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Last we checked, Roald Dahl’s immortal classic Charlie and the Chocolate Factory is about a poor boy who gets a golden ticket and visits Willy Wonka’s wondrous chocolate factory. Sure, Dahl had plenty of social commentary in the book, but it didn’t have anything to do with a girl in bizarre, doll-like makeup sitting on a woman’s lap.
Penguin Books must have read something different and decided that the book is about a creepy little girl in ‘60s makeup. As AdWeek points out, children being manipulated by parents is a small theme in the book, but it’s not Dahl’s main focus. So, why did Penquin use the cover? Attention seems to be the only possible solution, especially based on a Facebook post from the publisher.
“So far Creative Review, The Telegraph, Daily Mail, The Guardian,BuzzFeed, Today Show and some of you lovely people have discussed our new Penguin Modern Classics cover for #CharlieAndTheChocolateFactory,” the post reads. “Will you be buying a copy?”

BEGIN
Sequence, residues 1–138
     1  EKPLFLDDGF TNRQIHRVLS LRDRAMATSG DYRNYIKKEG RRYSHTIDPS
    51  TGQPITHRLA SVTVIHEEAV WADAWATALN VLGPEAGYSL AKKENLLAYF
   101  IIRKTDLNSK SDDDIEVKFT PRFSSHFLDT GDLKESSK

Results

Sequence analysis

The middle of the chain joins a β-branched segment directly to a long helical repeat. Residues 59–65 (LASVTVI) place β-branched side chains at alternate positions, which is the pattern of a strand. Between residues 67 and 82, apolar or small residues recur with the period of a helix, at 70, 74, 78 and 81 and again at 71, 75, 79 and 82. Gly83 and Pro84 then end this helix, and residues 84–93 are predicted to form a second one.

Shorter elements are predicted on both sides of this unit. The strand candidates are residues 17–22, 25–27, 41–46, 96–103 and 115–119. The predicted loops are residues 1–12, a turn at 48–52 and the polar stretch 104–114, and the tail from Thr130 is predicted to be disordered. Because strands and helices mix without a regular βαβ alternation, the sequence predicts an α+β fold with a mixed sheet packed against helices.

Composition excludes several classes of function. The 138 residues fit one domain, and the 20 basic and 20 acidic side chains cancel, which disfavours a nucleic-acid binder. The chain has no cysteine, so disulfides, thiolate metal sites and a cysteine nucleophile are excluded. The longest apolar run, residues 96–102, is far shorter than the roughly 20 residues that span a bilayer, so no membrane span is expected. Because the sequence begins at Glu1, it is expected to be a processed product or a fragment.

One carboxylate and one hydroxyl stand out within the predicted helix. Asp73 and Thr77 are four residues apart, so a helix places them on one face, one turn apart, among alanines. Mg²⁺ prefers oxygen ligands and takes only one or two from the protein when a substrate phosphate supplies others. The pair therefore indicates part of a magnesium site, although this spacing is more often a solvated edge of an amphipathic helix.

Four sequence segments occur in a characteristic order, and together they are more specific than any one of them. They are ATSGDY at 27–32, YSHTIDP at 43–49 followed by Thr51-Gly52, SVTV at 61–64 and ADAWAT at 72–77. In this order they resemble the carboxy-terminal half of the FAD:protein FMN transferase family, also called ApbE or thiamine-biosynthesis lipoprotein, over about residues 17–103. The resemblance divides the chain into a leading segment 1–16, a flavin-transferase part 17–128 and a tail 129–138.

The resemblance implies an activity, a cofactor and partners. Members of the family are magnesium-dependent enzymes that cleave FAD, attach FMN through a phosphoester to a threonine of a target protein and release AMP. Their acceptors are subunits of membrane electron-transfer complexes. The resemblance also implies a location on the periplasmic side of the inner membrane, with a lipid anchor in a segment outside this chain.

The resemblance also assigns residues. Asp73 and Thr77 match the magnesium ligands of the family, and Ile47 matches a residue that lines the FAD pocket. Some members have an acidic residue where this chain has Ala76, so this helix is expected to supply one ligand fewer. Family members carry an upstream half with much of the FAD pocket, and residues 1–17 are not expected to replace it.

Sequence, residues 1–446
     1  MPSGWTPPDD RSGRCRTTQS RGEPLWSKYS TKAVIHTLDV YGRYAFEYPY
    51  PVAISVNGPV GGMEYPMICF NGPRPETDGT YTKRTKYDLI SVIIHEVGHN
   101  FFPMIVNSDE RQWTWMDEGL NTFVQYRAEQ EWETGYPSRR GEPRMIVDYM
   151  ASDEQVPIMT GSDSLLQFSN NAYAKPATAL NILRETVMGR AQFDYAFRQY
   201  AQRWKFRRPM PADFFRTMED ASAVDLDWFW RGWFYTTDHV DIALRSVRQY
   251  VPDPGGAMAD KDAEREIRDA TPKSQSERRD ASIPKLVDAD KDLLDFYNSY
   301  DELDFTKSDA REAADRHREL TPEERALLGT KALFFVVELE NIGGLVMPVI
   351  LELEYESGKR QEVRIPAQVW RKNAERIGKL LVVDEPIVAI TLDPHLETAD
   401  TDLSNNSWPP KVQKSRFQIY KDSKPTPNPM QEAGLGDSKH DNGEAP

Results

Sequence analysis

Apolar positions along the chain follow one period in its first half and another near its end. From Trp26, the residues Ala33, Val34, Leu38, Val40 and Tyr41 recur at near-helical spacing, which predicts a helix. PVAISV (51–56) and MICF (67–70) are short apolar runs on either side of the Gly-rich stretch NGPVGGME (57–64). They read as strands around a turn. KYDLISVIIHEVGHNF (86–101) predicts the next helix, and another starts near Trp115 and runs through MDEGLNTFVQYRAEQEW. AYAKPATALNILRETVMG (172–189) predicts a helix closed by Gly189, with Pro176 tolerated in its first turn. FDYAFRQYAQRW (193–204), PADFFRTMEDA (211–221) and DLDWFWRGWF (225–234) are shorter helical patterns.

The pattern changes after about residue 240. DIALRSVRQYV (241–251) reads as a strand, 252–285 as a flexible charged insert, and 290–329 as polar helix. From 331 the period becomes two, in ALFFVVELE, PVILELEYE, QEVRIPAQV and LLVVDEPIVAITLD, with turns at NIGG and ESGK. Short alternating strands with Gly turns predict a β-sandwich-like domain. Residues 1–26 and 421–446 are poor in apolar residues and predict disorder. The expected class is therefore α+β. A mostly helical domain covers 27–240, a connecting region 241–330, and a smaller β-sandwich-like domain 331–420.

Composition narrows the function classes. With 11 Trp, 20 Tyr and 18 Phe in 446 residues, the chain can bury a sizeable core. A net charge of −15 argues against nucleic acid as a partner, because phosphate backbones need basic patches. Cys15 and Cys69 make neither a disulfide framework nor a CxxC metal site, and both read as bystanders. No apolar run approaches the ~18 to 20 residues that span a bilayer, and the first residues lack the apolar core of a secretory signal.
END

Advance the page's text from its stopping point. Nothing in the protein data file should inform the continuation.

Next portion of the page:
By “discussed,” Penguin means overwhelmingly trashed. Most of the Facebook comments are complaints about how the cover has nothing to do with Dahl’s story. Some have said that it sexualizes young children. That may be a theme in Lolita, but it’s not one in Charlie and the Chocolate Factory.
“No. Call me a traditionalist, but I think a book cover should in someway reflect it's content, which this doesn't - not even close,” one person replied on Facebook. “This book is delightful, this cover is not.”
The cover is a crop of a photo that appeared in a 2008 issue of Numero magazine. It probably wouldn’t even be appropriate for a DVD cover of Tim Burton’s movie with Johnny Depp. What do you think of the cover?
image via Facebook from Penguin Books
image of Johnny Depp courtesy of Jennifer Graylock/INFphoto.com